__________________
Attention Brass rats and other reloaders: I really need .327 Federal Magnum brass, no lot size too small. Tell me what caliber you need and I'll see what I have to swap. PM me and we'll discuss.
Sevens is offline  
Old December 17, 2012, 02:46 PM   #10
Sevens
Senior Member
 
Join Date: July 28, 2007
Location: Central Ohio
Posts: 8,775
Another tip: whatever you do, whatever tool you seek for any need, do not -EVER- buy -ANY- product, ANY, with the "Smart Reloader" brand name. Easily seen with it's bright yellow color.

None, not one, not any. Ever. If it's FREE, take it and smash it.
Then spit on it.
__________________
Attention Brass rats and other reloaders: I really need .327 Federal Magnum brass, no lot size too small. Tell me what caliber you need and I'll see what I have to swap. PM me and we'll discuss.
Sevens is offline  
Old December 17, 2012, 04:13 PM   #11
m&p45acp10+1
Senior Member
 
Join Date: May 3, 2009
Location: Central Texas
Posts: 3,310
Sevens that is a bit harsh to say Smart Reloader. I had one of the digital scales they market. It worked just fine for what I was using it for. It broke when I tipped it off of my bench. My fault. Though I say beware of the other stuff they make. It is like Harbor Freight of reloading stuff.

The Lee kit is a good one for getting started. I second the motion of a Turret if you can afford it. I traded brass for the Breech Lock Challenger kit. 3 years later I still use the press, the powder measure, the trimmer, the primer pocket cleaner, and the chamfer, and deburring tool. I quickly upgraded the scale.

Buy a reloading manual since you stated that you would load for .45 auto then I would suggest the Lyman Pistol and Revolver 3rd edition. Prices is less than $20 closer to $14 or so most places. It is straight forward on the basics, and uses plain English, with simple explanation of the what you are doing, how to do it, and why you are doing it.
__________________
No matter how many times you do it and nothing happens it only takes something going wrong one time to kill you.
m&p45acp10+1 is offline  
Old December 17, 2012, 04:43 PM   #12
tkglazie
Senior Member
 
Join Date: December 3, 2011
Posts: 558
Quote:
I second the motion of a Turret if you can afford it.
thirded.

I have great success using their Pro Auto Disk powder measure as well. Just make sure to break it in properly (rub it down with used dryer sheets, run a bunch of powder through it to build up a nice graphite coating) and once you get your technique down you will be holding .1grain spreads all day.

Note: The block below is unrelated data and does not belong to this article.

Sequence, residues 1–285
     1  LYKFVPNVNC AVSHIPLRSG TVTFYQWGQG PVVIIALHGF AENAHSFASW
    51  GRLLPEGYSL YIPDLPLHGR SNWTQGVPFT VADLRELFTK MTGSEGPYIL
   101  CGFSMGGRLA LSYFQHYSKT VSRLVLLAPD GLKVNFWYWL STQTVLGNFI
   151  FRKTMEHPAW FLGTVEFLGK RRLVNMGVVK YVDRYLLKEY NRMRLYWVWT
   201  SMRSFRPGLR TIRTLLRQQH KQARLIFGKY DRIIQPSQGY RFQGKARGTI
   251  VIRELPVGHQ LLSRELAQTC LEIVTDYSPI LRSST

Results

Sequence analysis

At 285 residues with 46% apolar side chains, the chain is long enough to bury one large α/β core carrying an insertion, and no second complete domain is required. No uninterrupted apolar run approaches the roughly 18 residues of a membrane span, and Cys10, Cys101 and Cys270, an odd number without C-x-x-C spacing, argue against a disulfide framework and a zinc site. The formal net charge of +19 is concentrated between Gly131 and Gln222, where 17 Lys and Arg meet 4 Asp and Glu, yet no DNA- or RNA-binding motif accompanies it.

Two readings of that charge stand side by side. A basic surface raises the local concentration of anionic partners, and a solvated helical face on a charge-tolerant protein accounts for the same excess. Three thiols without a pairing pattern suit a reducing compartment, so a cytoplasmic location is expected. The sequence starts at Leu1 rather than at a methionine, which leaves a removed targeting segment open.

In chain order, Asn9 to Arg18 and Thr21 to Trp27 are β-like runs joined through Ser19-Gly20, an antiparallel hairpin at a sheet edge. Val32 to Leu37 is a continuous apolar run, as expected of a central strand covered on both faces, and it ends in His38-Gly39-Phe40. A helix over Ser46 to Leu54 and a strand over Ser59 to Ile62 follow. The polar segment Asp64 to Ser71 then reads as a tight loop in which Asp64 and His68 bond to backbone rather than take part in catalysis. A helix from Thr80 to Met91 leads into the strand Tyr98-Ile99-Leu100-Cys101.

Not to mention the Lee Safety Prime setup on the LCT is a dream to use too.

And I like the Lee 4 deluxe die sets too. Love me some FCD.

OK, so I am a Lee lover. Hard not to be when your first piece of reloading equipment was an LCT. What a great tool.
tkglazie is offline  
Old December 17, 2012, 07:37 PM   #13
Recondo
Junior Member
 
Join Date: December 13, 2012
Posts: 4
Man, You guys are GREAT!

I just joined "The Firing Line" forum three days ago. I am still learning how this thing works, bare with me please! The responses that I have received on my question regarding reloading have been awesome! I will take all into account, at least now I can make a more informed decision. I am looking at the Lee Anniversary kit. I have read quite a bit of bad reports on the scale, I probably will look at a digital scale soon, if I go with the Lee. I will start with 150-200 rounds per month. I already have quite a bit of 45 casings. I would like to then move into .380 Auto, .243, and 30-06. I have a wide range of calibers, but I guess I will not reload all of them!
Recondo is offline  
Old December 17, 2012, 08:50 PM   #14
m&p45acp10+1
Senior Member
 
Join Date: May 3, 2009
Location: Central Texas
Posts: 3,310
.45 Auto is a good round to start with. As is .38 Spcl. Lots of choices for bullet weights, and powders. Most of them work very well.

If you can go to a local library see if they have The ABC's of Reloading, or one of the other reloading manuals. The local library here had it though it was checked out. They did have the Nostler 1st.